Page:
For about six years now, the Chicago Public Library has had a catalog of books that can be downloaded by people who have chicago public library cards in good standing + the right sort of computer (or kindle or whatever). When they first launched that program, some months before I was diagnosed with diabetes (in that awful summer before my diagnosis I used to download audio books from the website and listen to them as I struggled to ignore my body and fall asleep), most titles has one or two "copies" available, which basically meant they had permission to let one or two patrons have the book checked out at the same time. A few titles were "always available" meaning that they were out of copyright or for some other reason the library had permission to let all patrons have access to the title at the same time.
Last week I was looking for the "always available" titles and found that instead of having such books in the catalog anymore, the library website instead has an interface for accessing the Gutenberg Project, which makes lots and lots of public domain books available for download. Unlike the books to check out, or the former "always available" books, I don't get to preview or see much of anything about the book before downloading. I get a title, and maybe an author and subject listing. Anyways, I looked to see if anything came up when I searched with the term "diabetes". Indeed, something did. I downloaded it.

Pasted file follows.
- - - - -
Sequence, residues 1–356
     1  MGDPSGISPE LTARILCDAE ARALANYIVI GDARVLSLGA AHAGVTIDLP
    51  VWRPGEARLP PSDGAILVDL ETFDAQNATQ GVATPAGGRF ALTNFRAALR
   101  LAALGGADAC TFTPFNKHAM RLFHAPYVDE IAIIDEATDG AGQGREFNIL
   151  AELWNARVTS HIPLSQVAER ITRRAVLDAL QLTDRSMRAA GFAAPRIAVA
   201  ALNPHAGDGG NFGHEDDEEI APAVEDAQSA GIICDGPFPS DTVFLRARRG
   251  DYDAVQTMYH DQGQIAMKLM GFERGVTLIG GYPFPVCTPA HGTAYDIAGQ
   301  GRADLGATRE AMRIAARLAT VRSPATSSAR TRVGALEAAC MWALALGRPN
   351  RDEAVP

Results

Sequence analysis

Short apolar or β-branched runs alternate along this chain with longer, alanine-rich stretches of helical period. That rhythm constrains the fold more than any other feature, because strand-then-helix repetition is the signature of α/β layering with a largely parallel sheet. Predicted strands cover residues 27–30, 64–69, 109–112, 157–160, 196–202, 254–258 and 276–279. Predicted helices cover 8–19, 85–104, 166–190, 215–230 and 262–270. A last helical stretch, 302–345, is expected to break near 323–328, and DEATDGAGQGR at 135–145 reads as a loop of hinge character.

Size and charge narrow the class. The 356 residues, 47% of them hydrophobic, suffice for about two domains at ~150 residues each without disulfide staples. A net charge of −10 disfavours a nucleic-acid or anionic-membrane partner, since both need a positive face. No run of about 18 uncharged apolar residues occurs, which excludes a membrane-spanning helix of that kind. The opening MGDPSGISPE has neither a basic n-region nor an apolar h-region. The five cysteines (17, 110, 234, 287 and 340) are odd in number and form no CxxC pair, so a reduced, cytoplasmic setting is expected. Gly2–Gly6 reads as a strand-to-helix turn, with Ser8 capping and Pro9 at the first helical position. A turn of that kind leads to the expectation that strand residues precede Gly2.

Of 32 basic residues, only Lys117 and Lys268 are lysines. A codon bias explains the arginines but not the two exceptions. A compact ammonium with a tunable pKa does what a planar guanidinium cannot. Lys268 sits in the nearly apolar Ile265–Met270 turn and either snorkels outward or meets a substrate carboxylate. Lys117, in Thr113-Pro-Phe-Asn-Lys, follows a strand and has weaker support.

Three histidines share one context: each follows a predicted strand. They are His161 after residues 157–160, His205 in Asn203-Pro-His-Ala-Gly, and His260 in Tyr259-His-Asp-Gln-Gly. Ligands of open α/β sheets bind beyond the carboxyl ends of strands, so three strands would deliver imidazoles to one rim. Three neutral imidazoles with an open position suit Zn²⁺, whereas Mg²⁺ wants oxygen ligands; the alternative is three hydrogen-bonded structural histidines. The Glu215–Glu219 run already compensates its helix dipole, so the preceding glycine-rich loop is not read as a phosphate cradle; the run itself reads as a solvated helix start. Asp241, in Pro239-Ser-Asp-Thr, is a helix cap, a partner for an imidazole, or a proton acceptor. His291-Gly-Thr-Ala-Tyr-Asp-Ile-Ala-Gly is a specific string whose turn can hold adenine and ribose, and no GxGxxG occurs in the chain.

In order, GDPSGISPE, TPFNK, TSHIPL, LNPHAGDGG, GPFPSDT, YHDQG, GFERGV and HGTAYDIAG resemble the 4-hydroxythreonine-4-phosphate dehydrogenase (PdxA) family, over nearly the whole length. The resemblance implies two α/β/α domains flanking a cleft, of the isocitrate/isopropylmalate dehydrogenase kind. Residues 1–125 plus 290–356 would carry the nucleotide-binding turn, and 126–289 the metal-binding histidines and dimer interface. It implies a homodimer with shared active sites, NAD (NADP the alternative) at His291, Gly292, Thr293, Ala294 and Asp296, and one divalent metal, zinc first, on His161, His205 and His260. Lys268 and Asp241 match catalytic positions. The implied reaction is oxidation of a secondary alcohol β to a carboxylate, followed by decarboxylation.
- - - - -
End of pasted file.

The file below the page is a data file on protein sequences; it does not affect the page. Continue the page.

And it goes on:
The booklet is The Starvation Treatment of Diabetes: With a Series of Graduated Diets Used at the Massachussetts General Hospital. The edition that has been scanned up was published in 1916, and it is a modification of the Allen diet. The goal of the diet was to get the urine of people with "saccharine diabetes" to be sugar free. It includes ten patient stories (probably not chosen to be the best stories, 'cause two of the patients die) and tells what diet was necessary to get to sugar free. The diet used "starvation" days in which only water, coffee, and whisky were allowed (and the whiskey was pushed even on the kids), and, once the urine was sugar free, an almost unlimited amount of fat plus gradually increased amounts of carbohydrates and protein. It is interesting to me that alcohol was used as a source of calories thought not to cause ketogenesis or glycosuria, and it's also interesting to me that they are aware that protein but not fat is apt to cause short term glycosuria. The other observation that really interested me is the claim that fat causes ketonuria. The stories had me thinking a little bit about modern diets used for diabetes. I am so glad that I have insulin!